Scammers Borrow Facebook ‘Likes’ From Top Sites To Promote Scams

Call it a new twist on Facebook “Like” jacking. Researchers at the firm Zscaler say that scammers are embedding Facebook “Like” widgets from top ranked Web brands and in Web pages used to promote online scams or distribute malware. The widgets make it appear as if tens- or hundreds of thousands of Facebook users ‘like’ the scam Web site.

Call it a new twist on Facebook “Like” jacking. Researchers at the firm Zscaler say that scammers are embedding Facebook “Like” widgets from top ranked Web brands and in Web pages used to promote online scams or distribute malware. The widgets make it appear as if tens- or hundreds of thousands of Facebook users ‘like’ the scam Web site.

The researchers say that they have identified Websites promoting suspicious “work at home” offers that sport hundreds of thousands of Facebook “Likes” – an informal way that Facebook users can tag content they approve of. An analysis of the malicious site’s code found that the Facebook widgets are not fake, they’re just borrowed from top ranking news and media sites. The ruse doesn’t require any hacking. Facebook allows you to embed any “Like” widget you want on your webpage.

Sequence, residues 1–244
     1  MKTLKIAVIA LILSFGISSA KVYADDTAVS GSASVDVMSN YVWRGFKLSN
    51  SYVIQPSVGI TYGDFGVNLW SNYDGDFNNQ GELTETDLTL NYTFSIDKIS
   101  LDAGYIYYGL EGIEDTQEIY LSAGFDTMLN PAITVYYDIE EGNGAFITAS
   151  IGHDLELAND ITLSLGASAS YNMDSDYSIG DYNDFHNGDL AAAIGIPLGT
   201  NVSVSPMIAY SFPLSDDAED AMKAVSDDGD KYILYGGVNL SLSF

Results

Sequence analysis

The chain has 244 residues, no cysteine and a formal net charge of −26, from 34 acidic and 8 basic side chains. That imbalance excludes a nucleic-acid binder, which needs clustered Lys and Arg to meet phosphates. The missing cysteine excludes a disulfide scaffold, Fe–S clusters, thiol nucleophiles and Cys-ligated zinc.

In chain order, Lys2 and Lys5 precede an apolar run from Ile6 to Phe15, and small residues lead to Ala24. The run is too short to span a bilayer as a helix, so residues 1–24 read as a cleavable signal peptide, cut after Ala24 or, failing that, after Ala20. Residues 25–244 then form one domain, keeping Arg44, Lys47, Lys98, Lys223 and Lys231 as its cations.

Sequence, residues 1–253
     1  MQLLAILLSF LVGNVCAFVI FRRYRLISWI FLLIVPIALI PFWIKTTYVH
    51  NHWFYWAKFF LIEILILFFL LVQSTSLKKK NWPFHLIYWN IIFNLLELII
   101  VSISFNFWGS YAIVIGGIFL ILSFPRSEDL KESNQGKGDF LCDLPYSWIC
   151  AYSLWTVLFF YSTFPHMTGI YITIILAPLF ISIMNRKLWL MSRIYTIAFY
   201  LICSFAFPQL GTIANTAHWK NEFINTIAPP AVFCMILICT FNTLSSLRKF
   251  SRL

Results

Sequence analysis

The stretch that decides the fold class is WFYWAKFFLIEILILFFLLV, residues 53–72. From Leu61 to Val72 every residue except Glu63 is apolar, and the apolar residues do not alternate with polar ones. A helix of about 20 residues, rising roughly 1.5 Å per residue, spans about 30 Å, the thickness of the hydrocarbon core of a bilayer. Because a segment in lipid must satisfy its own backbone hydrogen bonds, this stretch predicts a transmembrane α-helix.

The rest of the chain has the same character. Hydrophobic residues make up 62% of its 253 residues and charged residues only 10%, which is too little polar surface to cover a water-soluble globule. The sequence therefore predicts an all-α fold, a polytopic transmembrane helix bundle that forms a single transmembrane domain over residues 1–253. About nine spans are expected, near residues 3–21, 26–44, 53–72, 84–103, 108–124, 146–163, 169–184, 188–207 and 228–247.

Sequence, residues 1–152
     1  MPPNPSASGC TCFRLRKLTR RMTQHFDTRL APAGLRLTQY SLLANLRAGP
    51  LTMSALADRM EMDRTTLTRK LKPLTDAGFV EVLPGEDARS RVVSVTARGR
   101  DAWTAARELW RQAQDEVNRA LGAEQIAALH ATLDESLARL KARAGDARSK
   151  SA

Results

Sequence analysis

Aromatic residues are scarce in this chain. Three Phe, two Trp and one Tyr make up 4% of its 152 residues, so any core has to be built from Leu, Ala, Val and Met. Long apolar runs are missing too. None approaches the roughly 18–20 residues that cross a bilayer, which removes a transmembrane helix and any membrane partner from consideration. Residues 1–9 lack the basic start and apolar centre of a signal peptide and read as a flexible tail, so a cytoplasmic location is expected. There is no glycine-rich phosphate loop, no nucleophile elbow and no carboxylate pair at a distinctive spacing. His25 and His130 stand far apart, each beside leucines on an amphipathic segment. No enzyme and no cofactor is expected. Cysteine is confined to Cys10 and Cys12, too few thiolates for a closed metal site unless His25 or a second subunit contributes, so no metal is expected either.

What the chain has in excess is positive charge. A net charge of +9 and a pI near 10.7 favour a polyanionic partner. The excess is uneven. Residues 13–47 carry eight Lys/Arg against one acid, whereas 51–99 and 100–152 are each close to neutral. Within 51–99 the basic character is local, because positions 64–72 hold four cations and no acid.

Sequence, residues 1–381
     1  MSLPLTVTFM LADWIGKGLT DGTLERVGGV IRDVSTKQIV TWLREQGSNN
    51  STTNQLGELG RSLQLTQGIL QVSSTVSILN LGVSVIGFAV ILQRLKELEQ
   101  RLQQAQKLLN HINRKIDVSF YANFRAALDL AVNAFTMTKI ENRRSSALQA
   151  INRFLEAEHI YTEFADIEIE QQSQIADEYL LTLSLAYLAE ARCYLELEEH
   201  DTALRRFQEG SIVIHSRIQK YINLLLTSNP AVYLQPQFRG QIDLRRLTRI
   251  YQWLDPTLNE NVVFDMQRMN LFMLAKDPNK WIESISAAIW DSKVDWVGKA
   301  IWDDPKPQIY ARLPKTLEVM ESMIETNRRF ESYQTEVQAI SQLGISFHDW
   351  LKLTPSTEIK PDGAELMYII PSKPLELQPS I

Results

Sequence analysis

Writing for Zscaler, researcher Julien Sobrier cited an example of a Web page, designed to resemble a news Web site, that displayed a story about a part-time, work at home mom making $7,487 a month. The page purports to have been recommended by 214,217 people on Facebook.

At first, Sobrier believed the scammers were merely using a fake widget, but upon further examination he realized it was in fact a real widget, the only problem is, the widget is actually that of CBS’s Facebook page.

It’s difficult to say for sure, but Sobrier believes the technique is effective and predicts that it will be popping up more and more in the future.

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